No. 22

Akram nails two in two

Wasim's World Cup ripper of rippers came with a sequel hot on its heels

Tim de Lisle

May 17, 2009

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Wasim Akram is on fire as he takes Allan Lamb out, immediately before taking Chris Lewis' wicket, Pakistan v England, World Cup final, Melbourne, 25 March, 1992
Lamb gone, Lewis to follow © Getty Images
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Melbourne, 25 March 1992

The first World Cup final to be played under lights, the only one to take place in Australia, and the last one not to feature the Australian team. The two finalists are the team that did best in the group stage - England, astonishingly - and the one that came roaring into form just in time - Pakistan.

The game ebbs and flows nicely. Derek Pringle's tidy outswing puts England on top before two grizzled maestros, Imran Khan and Javed Miandad, fight back with a stand of 139. With a fluent 40 from their latest discovery Inzamam-ul-Haq, and a buccaneering 33 from Wasim Akram, Pakistan set a target of 250.

England stumble to 69 for 4 in the twilight, but then Neil Fairbrother and Allan Lamb drag them back into it. They put on 72 and Imran is forced to turn to his sole spearhead, Wasim (Imran himself is bowling with a bad shoulder, and Waqar Younis has missed the whole tournament). Wasim has to find something special. It helps that his speciality is reverse swing at high pace. He ambles in to Lamb, round the wicket, and fires one in towards his pads. It shapes in, then darts away, beating Lamb's baffled prod and taking out the off stump.

Chris Lewis comes in at No.7. Wasim goes wider on the crease and greets him with what appears to be an off-side wide, but it curls back wickedly late and takes out the off stump again. Wasim went on to play one-day international cricket for longer than any other bowler - 18 years, 356 games, 502 wickets - but he never bettered those two balls.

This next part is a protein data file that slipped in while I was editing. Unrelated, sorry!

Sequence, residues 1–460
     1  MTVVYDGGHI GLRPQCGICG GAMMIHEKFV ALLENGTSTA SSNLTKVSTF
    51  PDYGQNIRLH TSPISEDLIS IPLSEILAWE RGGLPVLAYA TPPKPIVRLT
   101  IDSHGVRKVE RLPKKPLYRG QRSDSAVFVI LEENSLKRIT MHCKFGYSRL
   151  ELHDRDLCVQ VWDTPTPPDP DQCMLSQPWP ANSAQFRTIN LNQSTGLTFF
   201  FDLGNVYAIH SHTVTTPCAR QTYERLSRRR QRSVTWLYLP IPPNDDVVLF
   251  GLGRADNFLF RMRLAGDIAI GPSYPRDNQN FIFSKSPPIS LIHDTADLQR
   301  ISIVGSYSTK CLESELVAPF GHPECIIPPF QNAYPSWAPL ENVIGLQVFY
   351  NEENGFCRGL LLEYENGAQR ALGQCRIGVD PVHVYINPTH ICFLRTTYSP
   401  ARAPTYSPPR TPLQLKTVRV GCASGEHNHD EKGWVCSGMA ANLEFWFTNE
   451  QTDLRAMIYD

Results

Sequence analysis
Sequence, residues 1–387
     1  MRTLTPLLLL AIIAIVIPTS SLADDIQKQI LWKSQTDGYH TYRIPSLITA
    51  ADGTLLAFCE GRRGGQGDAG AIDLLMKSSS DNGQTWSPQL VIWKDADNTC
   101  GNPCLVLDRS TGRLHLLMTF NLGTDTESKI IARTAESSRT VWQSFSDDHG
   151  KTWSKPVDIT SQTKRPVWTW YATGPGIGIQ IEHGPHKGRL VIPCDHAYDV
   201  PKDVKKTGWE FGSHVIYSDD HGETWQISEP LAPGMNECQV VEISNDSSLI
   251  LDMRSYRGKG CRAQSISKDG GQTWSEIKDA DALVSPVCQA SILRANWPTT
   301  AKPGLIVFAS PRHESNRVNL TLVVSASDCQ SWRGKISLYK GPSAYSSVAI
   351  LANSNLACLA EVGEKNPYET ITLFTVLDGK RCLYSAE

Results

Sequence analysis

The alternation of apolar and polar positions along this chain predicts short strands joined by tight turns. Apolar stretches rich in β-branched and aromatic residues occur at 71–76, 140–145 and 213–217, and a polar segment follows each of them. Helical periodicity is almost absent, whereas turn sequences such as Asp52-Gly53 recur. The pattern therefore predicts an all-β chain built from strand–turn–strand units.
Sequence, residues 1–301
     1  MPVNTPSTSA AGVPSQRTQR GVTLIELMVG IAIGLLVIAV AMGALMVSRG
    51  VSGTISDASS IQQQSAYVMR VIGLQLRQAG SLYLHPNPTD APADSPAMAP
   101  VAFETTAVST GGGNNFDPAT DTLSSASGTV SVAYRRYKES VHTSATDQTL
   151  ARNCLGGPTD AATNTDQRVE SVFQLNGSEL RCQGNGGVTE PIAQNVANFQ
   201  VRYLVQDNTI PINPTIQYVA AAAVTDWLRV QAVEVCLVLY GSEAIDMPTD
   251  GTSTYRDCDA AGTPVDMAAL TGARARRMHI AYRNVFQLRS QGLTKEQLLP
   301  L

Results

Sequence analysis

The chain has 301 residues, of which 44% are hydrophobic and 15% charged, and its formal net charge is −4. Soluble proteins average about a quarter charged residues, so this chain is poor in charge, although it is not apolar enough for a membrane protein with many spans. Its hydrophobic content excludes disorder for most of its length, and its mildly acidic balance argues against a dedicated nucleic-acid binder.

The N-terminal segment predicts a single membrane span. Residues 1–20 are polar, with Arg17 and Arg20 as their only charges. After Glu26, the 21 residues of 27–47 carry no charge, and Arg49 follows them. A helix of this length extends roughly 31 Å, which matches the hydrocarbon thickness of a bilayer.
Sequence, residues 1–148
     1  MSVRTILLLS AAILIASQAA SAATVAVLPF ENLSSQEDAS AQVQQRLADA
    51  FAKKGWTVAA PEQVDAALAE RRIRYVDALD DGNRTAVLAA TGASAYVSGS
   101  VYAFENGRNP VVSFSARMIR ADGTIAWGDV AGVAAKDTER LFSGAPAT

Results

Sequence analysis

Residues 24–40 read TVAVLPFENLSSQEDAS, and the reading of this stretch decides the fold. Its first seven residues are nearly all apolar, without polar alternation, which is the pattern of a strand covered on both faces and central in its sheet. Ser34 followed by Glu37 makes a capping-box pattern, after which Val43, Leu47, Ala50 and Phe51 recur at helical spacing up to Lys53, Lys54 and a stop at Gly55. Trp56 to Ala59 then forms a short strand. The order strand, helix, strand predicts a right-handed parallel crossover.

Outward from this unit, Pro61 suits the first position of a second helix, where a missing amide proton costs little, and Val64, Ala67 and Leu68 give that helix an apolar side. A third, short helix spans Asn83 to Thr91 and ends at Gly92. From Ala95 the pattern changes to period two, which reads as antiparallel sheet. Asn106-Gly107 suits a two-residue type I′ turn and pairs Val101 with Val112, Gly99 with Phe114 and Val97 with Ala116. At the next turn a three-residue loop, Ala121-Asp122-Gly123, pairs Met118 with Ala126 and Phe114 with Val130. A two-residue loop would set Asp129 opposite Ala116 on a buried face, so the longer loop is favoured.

Tim de Lisle is a former editor of Wisden and now edits www.timdelisle.com. This article was first published in the print version of Cricinfo Magazine

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Tim de Lisle Tim de Lisle is a former editor of Wisden. He fell in love with newspapers at the age of seven and with cricket at the age of 10. He started in journalism at 16, reviewing records for the London Australian Magazine, before reading classics at Oxford and writing for Smash Hits, Harpers & Queen and the Observer. He has been a feature writer on the Daily Telegraph, arts editor of the Times and the Independent on Sunday, and editor of Wisden Cricket Monthly, where he won an Editor of the Year award. Since 1999, Tim has been the rock critic of the Mail on Sunday. He is deputy editor of Intelligent Life, the new general-interest magazine from the Economist. He writes for the Guardian and makes frequent appearances as a cricket pundit on the BBC and Sky News.

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